Sunday, 31 July 2016

More than a third of Brit travellers ‘disappointed’ by hotel accommodation

‘If you book something which looks like the Sheraton, you shouldn’t end up in a shed’ 

IN A survey by travel insurance – of more than 1,400 people who’ve been on holiday abroad in the last five years, 39% said their hotel fell a long way short of the travel brochure or website description.

50% said the facilities provided by the hotel didn’t match the description

43% said the rooms were nothing like the photographs

40% disagreed with the star rating given to the hotel

28% felt the location of the hotel was not as it was described

17% found the hotel had undeclared building work going on

14% said that the hotel surroundings were awful but were cropped out of the brochure photographs

23% felt let down by the whole experience

Many of the disgruntled tourists weren’t prepared to take their disappointing accommodation lying down: 11% complained at the hotel, getting a free room upgrade, and 8% complained direct to the holiday company and received a partial refund. But 12% found the resort travel rep unhelpful and 17% said that they would not use the same holiday company again. Eighteen percent didn’t complain to anyone.

Alex Edwards, travel insurance spokesperson at, commented: ‘It’s shameful that so many holidaymakers have felt utterly misled by travel companies’ brochures and websites. When you’ve spent several hundred if not thousands of pounds to get away for a few weeks abroad, you should be confident that what you see in the brochure is what you get at the resort. Unfortunately for many holidaymakers, what they hope will be the highlight of the summer is the let-down of the year.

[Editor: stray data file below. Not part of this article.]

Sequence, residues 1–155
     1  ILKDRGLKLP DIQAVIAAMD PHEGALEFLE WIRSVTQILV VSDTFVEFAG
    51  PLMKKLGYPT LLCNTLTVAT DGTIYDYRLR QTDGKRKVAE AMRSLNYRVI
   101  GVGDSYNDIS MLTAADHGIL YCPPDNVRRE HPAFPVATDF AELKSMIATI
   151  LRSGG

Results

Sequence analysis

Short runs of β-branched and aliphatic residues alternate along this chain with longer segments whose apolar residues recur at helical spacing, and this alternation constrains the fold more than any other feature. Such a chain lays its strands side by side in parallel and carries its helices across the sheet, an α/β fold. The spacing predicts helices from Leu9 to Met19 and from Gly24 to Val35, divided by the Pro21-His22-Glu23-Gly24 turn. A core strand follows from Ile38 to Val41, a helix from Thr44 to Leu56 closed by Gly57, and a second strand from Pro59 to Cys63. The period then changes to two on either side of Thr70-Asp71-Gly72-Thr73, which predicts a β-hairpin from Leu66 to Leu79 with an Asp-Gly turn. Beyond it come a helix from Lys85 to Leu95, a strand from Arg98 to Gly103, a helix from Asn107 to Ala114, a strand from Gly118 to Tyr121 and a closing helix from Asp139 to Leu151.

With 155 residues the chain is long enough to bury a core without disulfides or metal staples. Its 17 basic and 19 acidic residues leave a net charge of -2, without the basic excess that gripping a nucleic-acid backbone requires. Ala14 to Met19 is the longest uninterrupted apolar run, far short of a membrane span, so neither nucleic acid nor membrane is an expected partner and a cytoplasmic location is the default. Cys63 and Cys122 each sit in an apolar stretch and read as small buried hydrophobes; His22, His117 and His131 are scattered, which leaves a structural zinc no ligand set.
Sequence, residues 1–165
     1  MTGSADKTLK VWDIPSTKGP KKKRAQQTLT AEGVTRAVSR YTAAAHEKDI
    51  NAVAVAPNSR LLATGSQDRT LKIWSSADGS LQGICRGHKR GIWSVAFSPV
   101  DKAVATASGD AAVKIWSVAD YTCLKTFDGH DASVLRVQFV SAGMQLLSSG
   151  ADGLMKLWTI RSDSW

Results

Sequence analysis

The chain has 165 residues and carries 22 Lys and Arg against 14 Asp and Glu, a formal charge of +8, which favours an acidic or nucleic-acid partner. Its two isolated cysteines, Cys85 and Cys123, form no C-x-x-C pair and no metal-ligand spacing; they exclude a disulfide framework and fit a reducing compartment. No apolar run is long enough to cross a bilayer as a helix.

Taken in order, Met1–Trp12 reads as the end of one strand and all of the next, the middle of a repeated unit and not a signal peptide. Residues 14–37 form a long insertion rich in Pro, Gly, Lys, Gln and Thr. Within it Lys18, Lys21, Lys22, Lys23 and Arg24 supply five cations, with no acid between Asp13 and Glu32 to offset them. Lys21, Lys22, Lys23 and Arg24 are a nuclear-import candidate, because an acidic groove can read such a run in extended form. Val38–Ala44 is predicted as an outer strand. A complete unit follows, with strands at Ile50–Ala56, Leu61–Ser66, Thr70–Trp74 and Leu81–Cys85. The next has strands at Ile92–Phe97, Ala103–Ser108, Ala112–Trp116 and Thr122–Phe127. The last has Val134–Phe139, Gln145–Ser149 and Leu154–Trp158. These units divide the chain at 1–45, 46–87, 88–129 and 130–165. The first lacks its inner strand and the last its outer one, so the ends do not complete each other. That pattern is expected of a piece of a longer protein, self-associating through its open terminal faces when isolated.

‘However, although it may not rescue your holiday you might be able to get some recompense if you take up your complaint with the travel company. If they’re an ATOL or Association of British Travel Agents (ABTA) member, they should be operating to certain standards in the first place and will have set guidelines for dealing with complaints. If you booked with an ABTA member you’ll also be able to use their independent complaints hub and arbitration service if you don’t feel you’ve been treated fairly by the travel company.

‘You are also afforded some protection under Section 75 of the Consumer Credit Act if you paid for your holiday with your credit card and something goes wrong. This covers items costing over £100 and not more than £30,000. As a last resort, you can consider taking your case to the small claims court for breach of contract. In England and Wales the maximum you can claim is £10,000 and in Scotland and Northern Ireland it’s £3,000. However, all consumers really want is the holiday hotel they were expecting. If you book something which looks like the Sheraton, you shouldn’t end up in a shed.’

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